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By Chere Di Boscio
Louis the XV made love to his Queen while they flickered in his bedroom. Louis the XVI ‘s cell was illuminated by them as he waited for his execution at the guillotine. Peasants were married and wept for their dead by their light in the Gothic cathedrals in Paris, and still today, Cire Trudon candles illuminate some of the world’s most stylish homes.
In the 17th century, candle makers were as common as baguettes. However, one manufacturer, Cire Trudon, became popular with Kings for the quality of their goods: this small, family run business used a meticulous wax purifying technique which allows for an even, white, smokeless burn. The light from these candles was so beautiful that the company survived not only the French Revolution, but the invention of gas, and later electric, lighting. Today, it is the world’s oldest surviving candle maker, and is still considered the most prestigious.
The Best Candle Makers in the World?
In fact, even the moulds used to make the candles have not changed for over 300 years, and are still stamped with the words: “cierge pascal pour la Chapelle du Roy a Versailles” or “ Bougies de nuit pour le Roy” (“Easter candle for the Royal Chapel in Versailles”, or “Night Candles for the King”). So important were the candles to the leaders of France that when Napoleon’s son was born in 1811, he gave him one single gift: a Trudon candle with his cameo, encrusted with three gold nuggets.
The company is renowned today for its wax bust of Napoleon, which, though made of wax, is not meant to be burnt–indeed, Cire Trudon candles are so sought-after, they’re practically collectors items in their own right. The durability, naturalness and beauty of the candles have led many to state that these are the best in the world.
The Perfume of Power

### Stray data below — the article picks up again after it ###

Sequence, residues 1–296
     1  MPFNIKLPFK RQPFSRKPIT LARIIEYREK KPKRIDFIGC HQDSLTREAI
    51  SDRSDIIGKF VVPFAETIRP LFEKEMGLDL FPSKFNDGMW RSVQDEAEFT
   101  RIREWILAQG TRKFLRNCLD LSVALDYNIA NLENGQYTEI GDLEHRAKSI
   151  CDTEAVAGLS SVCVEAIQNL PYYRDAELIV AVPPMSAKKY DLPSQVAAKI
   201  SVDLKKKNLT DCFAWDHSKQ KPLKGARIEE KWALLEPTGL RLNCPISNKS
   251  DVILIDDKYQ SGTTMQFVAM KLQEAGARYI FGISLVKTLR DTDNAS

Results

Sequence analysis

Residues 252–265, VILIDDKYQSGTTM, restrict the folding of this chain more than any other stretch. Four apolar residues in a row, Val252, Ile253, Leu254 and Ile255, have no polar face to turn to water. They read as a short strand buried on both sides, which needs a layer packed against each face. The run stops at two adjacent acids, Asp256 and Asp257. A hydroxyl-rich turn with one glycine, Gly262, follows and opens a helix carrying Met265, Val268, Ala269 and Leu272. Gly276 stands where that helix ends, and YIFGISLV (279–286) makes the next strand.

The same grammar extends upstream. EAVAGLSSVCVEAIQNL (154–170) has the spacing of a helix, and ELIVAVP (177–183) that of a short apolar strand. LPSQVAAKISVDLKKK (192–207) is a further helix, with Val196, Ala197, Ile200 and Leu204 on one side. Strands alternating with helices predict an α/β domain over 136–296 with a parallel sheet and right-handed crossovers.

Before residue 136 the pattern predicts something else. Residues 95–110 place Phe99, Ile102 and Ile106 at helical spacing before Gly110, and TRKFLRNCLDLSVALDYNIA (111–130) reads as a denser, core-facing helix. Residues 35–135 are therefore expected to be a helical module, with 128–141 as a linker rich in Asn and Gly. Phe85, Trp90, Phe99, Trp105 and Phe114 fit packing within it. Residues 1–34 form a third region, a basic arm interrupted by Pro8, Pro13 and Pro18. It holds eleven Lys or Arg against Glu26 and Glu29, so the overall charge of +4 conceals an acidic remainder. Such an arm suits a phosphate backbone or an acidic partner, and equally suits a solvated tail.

The scented candles are relatively new, however, and feature primal scents reflecting the natural world, but simultaneously evoke power with products named after grand estates and historical figures.
There’s Balmoral, with its top notes of foliage, mint and cut grass and base of musk, pine and sap, or Trianon, dedicated to Marie Antoinette, with its galbanum and cyclamen top notes, punctuated by hyacinth, rose and white flowers on a musk base. Slightly out of place in this historical context is Ernesto, dedicated to the revolutionary Che Guevara, whilst Nazareth is a churchy scent, with cinnamon and citrus notes sitting on a vanilla, musk and myrrh base. My personal favourites are Ottoman, which gives a nod to the spices (clove, cinnamon) and regional perfumes (jasmine, myrrh) that helped boost the Oriental Empire’s trade, and Parquets de Versaille, heady with the wood and wax scents of that famous flooring.
Crafted from vegetable wax and using only cotton wicks, these natural creations use no harmful chemicals whatsoever in their manufacture, and have been given consumer approval by Greenpeace. Part of the profits from the sales of the Nazareth candle go to the Terre d’Aveilles foundation, which protects bees and other pollinating species, further underscoring Cire Trudon’s strong ecological credentials.
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